“The swinging pendulum has become the defining feature about what has become known as the reading wars. The problem is that after each and every swing, the folks who call for replacing the old way of doing things are quite confident, they have finally found THE WAY to solve things.  They insist that all old practices be dropped and replaced by the newest soup de jour. Invariably what happens is that the new way helps many, but not all. Eventually, this new way becomes the old way and is replaced yet again. The pendulum continues to swing. My proposed solution to this conundrum is simple.  Instead of insisting on throwing away everything that’s come before and starting over, we should instead tweak what we have. This would require both sides (all sides) to admit that their particular way of doing things is not THE SOLUTION. It also means that their particular way has limits and limitations. It would follow that all sides might have things to learn from what folks in different positions are saying. Effectively it means trying something that we’ve never before tried in the history of teaching reading. That is leaving the pendulum in the middle, talking to one another, learning from one another, and putting together a system that helps as many children as possible by using the best ideas of all the approaches.”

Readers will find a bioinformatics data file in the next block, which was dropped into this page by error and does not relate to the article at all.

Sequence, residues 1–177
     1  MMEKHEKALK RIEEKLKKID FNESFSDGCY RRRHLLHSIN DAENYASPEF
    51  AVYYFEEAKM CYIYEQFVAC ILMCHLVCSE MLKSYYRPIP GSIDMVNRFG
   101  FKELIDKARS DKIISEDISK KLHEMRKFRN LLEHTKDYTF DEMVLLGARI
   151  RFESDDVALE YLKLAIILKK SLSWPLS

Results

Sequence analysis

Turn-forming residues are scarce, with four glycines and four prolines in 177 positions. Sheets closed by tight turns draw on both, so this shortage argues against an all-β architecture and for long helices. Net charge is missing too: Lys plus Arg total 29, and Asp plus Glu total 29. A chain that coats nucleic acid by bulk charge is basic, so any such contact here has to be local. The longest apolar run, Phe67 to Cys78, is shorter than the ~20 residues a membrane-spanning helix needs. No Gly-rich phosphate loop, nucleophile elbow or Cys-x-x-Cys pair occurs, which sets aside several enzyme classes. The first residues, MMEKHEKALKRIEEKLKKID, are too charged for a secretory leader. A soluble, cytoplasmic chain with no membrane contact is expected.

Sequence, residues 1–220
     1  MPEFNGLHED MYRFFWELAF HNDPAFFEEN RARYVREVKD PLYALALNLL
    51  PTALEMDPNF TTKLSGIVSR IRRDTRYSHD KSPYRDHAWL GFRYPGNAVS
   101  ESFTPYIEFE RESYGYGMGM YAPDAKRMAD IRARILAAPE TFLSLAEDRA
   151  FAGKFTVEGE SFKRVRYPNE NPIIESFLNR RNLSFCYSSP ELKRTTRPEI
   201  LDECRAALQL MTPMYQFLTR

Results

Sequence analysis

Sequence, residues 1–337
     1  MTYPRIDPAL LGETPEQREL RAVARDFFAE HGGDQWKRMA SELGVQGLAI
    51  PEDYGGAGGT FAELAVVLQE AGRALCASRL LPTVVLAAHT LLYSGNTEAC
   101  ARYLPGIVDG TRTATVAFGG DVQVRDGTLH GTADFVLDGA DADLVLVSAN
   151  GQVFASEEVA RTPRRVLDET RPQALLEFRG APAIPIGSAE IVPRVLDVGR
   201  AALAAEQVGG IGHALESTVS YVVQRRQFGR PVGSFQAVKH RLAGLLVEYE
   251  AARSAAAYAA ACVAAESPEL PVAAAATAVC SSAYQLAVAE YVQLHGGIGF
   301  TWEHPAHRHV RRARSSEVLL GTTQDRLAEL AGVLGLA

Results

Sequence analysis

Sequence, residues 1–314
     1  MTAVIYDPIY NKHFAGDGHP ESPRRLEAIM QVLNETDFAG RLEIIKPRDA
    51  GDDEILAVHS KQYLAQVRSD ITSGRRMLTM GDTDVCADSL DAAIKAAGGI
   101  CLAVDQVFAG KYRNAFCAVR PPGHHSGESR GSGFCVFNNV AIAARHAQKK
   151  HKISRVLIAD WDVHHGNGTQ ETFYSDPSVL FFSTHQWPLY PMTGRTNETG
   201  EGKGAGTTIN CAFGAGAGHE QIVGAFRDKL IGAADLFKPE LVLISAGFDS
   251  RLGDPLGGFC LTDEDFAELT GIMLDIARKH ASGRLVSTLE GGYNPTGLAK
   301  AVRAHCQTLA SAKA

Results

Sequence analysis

LINK to the blog

In conclusion

I think the information from Pearson and Tierney’s new book provides further support for taking a centrist view toward the issue of best practices in reading. At the end of the chapter entitled The Era of Reform Contestation and Debate, they cite the International Literacy Association views about “evidence-based” practices. They note that the IRA’s position paper states that “Time and again research has confirmed that regardless of the quality of a program resource or strategy it is the teacher and learning situation that make the difference (Bond & Dyskstra, 1967/1997).” In my view, the best path to good literacy practices lies in empowering teachers by helping them become adept in the teaching of many practices. That is the best way to ensure that each child will get the reading instruction that best suits them. Let districts decide what programs fit their particular children. Thanks to my readers for considering these remarks.